If the proprietors want any assistance dealing with trolls, by the way, I’d be happy to help, and I know a number of other readers and commenters here are also technologically inclined and may be willing to offer support as well.

    • Bill in Section 147

      Yes. Thank you all (except the fucking Nazi).

    • Fourthed or Fifthed (and I wish I had a fifth). These are some really beautiful tributes. And it was wonderful to have had him as a part of this unique community. Irreplaceable indeed.

  • efgoldman

    One of life’s little ironies: LG&M is one of the places that I first discovered in the aughts from links in Sully’s old blogs. I haven’t been able to stand him, and haven’t read him, since sometime before the 2008 election, maybe even 2006. But I spend time – sometimes too much time – here, every day.
    So thanks to all of you; SEK’s writing for a different audience now, one we can’t see.

    • q-tip

      You’re not the only one with that particularly embarrassing origin story. :(

    • I came here from Balloon Juice. I’m not sure where I found Balloon Juice. I loved all of Scott’s posts.

  • Srsly Dad Y

    Your friend was a good person, and we all want such friends as you were to him. Death be not proud. You’ve all done it right.

  • dbk

    Thanks to all the LGM front-pagers who’ve posted remembrances of SEK today. I’m sure all regular readers have gone through them all.

    I’m old enough to be his mother, and this is a comment-tribute for Scott’s mother: I think you raised an incredible son. He was brilliant and literate, but even more than that, his humanity shone through in all the posts I followed. And his intellectual and moral courage. In my humble opinion, these are the greatest gifts a mother can give her son. In fact, they are everything.

    My profoundest condolences to Scott’s entire family.

  • DrS

    SEK was certainly instrumental in getting me to find this blog (for better or worse ;))

    We played in a fake baseball league that got spun out from commenters on baseball primer (also where I first encountered esteemed LGM commenter lil Davey). He posted that student sex story to us that day, and it is still handstankingly hilaripus.

    I never met him in person either, but I am still feeling such a loss.

    Rest in peace, SEK

  • SamInMpls

    Like most of my colleagues, I never met Scott in “real life.”

    And so it goes with someone who for so many people was “The Batman”

    I was certainly never a colleague of SEK but he was there when I was a student, answering my emails. Later we became social media friends and interacted further.

    All I can say about SEK is that his work inspired me and he was good people.

  • dp

    I’ll miss him terribly, even though our only connection was our shared status as LSU alumni/Louisiana domiciliaries and a number of social media interactions over the last half-decade or so.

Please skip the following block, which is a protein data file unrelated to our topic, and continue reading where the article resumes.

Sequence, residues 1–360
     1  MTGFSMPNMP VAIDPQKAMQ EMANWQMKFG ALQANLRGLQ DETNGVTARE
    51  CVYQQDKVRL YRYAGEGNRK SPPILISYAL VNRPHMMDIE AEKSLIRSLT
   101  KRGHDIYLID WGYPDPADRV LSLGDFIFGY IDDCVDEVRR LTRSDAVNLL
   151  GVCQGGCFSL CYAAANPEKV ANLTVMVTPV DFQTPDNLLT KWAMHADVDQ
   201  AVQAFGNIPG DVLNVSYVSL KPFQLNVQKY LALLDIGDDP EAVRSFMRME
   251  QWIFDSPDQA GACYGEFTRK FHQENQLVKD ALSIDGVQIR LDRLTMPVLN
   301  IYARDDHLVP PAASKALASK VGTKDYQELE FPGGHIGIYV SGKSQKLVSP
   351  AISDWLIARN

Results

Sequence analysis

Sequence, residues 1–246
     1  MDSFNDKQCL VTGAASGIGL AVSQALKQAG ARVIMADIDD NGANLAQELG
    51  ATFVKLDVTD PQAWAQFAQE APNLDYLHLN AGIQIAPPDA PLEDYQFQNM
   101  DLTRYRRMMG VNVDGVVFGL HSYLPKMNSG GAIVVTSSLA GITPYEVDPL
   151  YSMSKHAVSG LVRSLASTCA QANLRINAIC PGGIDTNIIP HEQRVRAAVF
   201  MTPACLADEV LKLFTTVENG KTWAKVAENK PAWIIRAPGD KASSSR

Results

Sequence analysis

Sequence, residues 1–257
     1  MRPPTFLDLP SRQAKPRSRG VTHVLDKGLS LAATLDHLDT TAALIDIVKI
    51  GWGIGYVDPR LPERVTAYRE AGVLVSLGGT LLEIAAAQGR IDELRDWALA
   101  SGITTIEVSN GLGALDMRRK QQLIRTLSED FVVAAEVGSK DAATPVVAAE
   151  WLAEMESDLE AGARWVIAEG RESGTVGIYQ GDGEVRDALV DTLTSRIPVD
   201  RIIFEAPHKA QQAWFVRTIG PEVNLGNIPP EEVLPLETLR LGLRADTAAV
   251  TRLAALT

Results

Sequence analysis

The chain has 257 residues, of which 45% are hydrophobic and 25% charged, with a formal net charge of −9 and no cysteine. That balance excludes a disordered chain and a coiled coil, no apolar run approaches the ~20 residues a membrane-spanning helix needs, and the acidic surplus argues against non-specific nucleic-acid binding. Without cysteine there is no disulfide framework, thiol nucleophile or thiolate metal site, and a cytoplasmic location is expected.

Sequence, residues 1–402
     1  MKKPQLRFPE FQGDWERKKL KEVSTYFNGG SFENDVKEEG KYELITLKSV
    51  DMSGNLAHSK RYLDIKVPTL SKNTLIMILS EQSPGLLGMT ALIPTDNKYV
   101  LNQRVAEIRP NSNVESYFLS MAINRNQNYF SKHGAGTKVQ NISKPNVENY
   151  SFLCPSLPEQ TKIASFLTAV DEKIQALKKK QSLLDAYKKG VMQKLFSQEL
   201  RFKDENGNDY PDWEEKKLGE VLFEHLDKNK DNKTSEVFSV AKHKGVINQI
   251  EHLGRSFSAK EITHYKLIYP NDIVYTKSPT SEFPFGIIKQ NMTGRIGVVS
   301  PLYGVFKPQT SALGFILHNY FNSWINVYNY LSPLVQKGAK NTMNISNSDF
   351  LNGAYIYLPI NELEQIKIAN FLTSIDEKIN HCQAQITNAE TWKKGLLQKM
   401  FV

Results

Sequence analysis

The primary thing I’m going to be thankful for tomorrow is that fucking 2016 is almost over. Scott’s death is the most recent candle on this cake of misery.

  • patrick II

    I am old, so perhaps it is not so strange to those younger than me raised in the computer age, but in a very much one way relationship I considered SEK a friend — and a teacher. His eccentric genius and humor mixed with I can only describe as warm-hearted aggression made me both laugh and think. Thank you SEK.

    • rhino

      That one way relationship is a thing I can relate to. SEK would likely barely recognize my nym here, or my email address from our small correspondence, but from this direction, he was my friend and a sort of mentor, or even father figure (and I’m pretty sure he was at least a decade my junior)

      Sometimes I wonder if he would have found it creepy, but my affection for the guy, based solely on his writings, was and is quite profound. I cried hard wrenching tears when his death was confirmed, and have choked up dozens of times reading these posts and comments. Hell, I’m choking up now.

      I never felt this way about any other author or writer or public figure (though Robin Williams and Leonard Cohen both saddened me greatly for an hour or so), but for some reason SEK wormed his way into my soul and took up residence. For which I am very grateful.

  • Calming Influence

    Aside from all else, SEK also made people laugh. A LOT. That lifts people, it takes people outside of their own problems, it frees them to think more openly. He did this. This is not a small thing. I’m still laughing….

  • a.monkey

    It’s probably been posted, but I got hooked on LGM with this thread. Already missed. RIP.

  • ChrisTS

    I am heartbroken. I feel even more guilty that, for various reasons, I have been absent for LGM many months. I don’t think SEK would have cared, but I somehow feel I failed him.